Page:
2019 Theatre Event
Monday, April 15
The Fever Chart: Three Visions of the Middle East by Naomi Wallace
A talkback session will be held following the performance.
In his New York Times review, theatre critic Neil Genzlinger writes, “The Fever Chart, a well-made trilogy by Naomi Wallace, exploring that cauldron that is the Middle East, has absorbing characters, and sharp, evocative dialogue. Just as important, though, is what it doesn’t have: strap-on bombs or heart-felt hugs . . . Ms. Wallace has a much more subtle tale of loss to tell, and she does it beautifully.”
Ms. Wallace’s collection, subtitled Three Short Visions of the Middle East, offers three short plays, or visions: “A State of Innocence,” “Between This Breath and You,” and “The Retreating World.” The ruins of a zoo (or as Wallace describes it, “a space that once dreamed it was a zoo”) in Rafah, Palestine is the setting for “A State of Innocence.” The vision involves an encounter between a young Israeli soldier, a mysterious Palestinian woman, and an elderly Israeli architect who both builds settlements and attempts to reconstruct what has been destroyed in the protracted conflict.
In the second vision, “Between This Breath and You,” a Palestinian father risks arrest to visit the waiting room of a clinic in East Jerusalem after hours and meet face to face an Israeli nurse’s aide to tell about the loss of his son and the impact his death has had on the young woman’s life.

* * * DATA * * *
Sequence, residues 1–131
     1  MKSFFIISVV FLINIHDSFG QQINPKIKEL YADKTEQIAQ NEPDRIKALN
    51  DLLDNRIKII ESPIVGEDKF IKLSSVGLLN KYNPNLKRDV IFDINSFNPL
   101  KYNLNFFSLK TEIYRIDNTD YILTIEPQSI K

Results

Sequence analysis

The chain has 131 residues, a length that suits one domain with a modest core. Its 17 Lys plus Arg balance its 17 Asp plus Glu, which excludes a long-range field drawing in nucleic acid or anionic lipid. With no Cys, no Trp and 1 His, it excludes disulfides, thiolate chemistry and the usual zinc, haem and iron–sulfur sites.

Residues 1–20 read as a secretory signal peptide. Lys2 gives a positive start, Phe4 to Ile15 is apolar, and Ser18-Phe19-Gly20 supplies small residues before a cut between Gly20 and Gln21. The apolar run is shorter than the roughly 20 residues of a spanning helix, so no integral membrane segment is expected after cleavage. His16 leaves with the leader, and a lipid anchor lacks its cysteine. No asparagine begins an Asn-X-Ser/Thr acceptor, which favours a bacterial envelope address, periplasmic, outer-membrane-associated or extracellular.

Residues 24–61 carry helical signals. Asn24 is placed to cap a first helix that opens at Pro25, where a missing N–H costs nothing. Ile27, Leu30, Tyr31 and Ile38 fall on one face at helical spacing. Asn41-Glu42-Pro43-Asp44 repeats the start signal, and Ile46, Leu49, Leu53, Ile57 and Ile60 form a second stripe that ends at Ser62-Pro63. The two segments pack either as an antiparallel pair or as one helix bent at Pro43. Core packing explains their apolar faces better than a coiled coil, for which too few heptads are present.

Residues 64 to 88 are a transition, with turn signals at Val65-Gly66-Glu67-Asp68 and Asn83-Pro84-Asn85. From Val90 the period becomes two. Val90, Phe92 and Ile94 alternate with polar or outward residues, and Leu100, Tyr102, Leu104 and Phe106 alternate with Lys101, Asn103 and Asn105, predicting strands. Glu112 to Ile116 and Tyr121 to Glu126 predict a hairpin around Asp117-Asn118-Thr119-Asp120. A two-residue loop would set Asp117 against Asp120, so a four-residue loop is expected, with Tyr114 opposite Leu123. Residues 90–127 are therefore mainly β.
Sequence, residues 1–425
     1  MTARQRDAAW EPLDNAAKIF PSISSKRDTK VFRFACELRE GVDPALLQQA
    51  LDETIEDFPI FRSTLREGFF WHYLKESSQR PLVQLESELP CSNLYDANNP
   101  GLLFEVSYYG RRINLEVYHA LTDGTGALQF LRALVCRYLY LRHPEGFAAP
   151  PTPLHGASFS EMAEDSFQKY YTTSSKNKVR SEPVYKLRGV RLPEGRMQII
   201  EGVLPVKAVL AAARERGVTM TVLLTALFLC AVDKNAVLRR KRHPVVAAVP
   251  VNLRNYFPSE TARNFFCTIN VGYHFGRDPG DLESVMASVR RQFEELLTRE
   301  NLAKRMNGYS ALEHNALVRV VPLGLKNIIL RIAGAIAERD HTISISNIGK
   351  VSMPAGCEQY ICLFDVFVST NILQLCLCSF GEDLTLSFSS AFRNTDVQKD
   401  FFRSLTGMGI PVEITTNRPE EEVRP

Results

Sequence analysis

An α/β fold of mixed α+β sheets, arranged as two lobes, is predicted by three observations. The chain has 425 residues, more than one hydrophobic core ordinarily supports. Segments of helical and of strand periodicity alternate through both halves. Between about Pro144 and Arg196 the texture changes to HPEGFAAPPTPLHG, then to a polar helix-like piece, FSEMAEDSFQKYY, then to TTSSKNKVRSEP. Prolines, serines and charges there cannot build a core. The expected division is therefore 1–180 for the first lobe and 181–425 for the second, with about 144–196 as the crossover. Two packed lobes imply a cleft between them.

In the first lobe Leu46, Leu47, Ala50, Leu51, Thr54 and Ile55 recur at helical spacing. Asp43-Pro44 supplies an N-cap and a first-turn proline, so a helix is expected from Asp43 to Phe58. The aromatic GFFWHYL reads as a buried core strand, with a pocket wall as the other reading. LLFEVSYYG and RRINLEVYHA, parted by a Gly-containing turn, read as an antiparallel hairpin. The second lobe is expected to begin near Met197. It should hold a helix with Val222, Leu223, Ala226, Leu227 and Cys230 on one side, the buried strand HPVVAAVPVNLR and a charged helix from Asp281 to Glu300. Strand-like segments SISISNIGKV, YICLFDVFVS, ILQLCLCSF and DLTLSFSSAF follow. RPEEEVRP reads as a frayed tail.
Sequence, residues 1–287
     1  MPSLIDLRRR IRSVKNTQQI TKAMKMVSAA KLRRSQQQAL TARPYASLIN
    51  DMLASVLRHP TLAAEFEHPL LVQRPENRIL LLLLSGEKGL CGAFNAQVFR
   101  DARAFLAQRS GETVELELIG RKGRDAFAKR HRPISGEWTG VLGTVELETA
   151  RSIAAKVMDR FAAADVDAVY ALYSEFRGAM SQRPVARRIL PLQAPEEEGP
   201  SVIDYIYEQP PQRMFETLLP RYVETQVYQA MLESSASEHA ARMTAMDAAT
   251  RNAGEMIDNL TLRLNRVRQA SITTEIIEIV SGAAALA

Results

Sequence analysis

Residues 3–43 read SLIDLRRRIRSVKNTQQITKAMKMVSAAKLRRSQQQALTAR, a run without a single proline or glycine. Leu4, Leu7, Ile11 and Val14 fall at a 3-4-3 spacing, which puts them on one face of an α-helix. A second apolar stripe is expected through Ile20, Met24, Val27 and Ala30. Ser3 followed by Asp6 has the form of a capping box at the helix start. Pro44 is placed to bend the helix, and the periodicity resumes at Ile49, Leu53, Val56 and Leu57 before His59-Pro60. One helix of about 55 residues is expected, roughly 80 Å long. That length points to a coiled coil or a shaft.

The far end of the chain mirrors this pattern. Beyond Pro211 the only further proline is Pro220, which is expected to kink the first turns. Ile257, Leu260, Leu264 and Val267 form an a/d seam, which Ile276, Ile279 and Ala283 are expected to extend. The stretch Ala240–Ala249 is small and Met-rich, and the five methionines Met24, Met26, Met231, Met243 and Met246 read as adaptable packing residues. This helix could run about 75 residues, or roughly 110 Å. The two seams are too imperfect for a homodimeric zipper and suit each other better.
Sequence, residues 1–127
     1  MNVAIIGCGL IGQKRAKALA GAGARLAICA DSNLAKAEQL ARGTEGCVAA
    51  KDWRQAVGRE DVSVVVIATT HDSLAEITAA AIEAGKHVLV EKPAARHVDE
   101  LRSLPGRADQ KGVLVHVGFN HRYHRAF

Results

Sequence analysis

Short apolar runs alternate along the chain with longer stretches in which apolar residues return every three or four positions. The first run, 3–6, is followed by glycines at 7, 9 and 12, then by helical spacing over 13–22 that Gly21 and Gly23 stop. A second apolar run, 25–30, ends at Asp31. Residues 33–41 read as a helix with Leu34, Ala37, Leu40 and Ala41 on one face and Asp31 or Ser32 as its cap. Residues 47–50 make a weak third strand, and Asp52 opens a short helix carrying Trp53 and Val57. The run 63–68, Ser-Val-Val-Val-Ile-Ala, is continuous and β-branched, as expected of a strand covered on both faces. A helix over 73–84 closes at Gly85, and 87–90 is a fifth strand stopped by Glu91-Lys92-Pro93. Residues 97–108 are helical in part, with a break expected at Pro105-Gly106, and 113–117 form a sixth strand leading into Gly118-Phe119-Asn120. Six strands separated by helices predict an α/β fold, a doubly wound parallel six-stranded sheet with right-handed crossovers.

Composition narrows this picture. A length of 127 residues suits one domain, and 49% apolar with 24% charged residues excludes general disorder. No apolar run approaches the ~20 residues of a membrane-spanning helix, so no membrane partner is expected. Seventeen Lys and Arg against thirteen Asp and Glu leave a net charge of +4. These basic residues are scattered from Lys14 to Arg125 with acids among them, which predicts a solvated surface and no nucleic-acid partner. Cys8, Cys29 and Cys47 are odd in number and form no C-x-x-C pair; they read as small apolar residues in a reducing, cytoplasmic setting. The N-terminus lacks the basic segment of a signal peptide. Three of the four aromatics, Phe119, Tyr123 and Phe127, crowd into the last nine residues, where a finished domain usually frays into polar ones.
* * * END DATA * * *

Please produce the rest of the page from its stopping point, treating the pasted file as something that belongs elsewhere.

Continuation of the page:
“The Retreating World” introduces us to Ali, a resident of Baghdad and a former Iraqi conscript who is addressing the International Pidgeon Convention. A lover of both birds and books, Ali speaks about the difficulties of life after his country’s defeat by U.S. forces, and of the loss not only of his dear friend Samir in the fighting, and the hell of war.
Wallace’s “multifaceted works explore the urgency and complexity of the Middle East’s political landscape through the voices and bodies of the people who inhabit it.”
Writing in Chicago Critic, Tom Williams states that “…Naomi Wallace’s four vignettes invite a great deal of dialogue – which is precisely their purpose. They are conversations about the Middle East, both in-and-of-itself and the effects of American foreign policy on those nations we deem ourselves to be helpers of. … [the plays] deal with their issues in complex, thought-provoking, fair, and difficult ways. They are mature and ask for discussion, delving into the depths of their implications and repercussions. None of them are point-blank, simple, blanketed statements. They are sympathetic to all parties involved, neither bearing ideology nor dogmatism.”